The directive to reduce the project size and scope dramatically impacted the cost and originally projected cash flow. The government had agreed to provide annual grants in the amount of $ 2 million until the finance loan was paid in full - $22 million remain outstanding.
Mr. Speaker, Wedco were further instructed that they could erect the remaining units in Dockyard – this was impractical so efforts were made to offer these units to other sectors of Government. (Ministry of Works, National Stadium, Ministry of Health and others) – all to no avail.
It should be noted that the panel and roof size was specifically designed for delivery and transport to Dockyard. (They are large and extremely heavy sections). This made it more challenging for them to be transported to other parts of the island (not impossible but both costly and risky to transport piece by piece.)
Mr. Speaker, the advent of the Americas Cup event forced the removal of the left over prefab units from the South Basin to a location just over the hill below Moresby House.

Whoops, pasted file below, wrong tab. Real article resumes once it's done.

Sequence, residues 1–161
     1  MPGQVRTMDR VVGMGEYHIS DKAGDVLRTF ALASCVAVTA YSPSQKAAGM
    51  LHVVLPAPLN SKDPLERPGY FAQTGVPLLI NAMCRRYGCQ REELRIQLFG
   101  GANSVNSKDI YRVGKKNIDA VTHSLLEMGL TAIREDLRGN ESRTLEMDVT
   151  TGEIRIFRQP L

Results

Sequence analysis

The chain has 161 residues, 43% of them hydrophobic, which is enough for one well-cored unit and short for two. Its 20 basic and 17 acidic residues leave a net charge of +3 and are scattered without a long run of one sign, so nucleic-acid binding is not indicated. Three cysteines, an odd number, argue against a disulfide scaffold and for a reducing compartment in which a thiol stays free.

Several months later additional Americas Cup requirements then required the units to be relocated again. This time they were transported to the Sallyport as it was not anticipated they would need to be moved again.
Mr. Speaker, the units remain in the Sallyport and went through 2 hurricanes suffering significant erosion and many panels as well as roof sections were undermined, shifted and damaged.
The book value of the panels was $300,000 but they have already been written off. There are still many panels in Sallyport but without an extensive review and an engineering sign off – no one is confident that there remains a complete functional structure. These structures have been exposed to the elements and moved several times during the 5+ years since their arrival.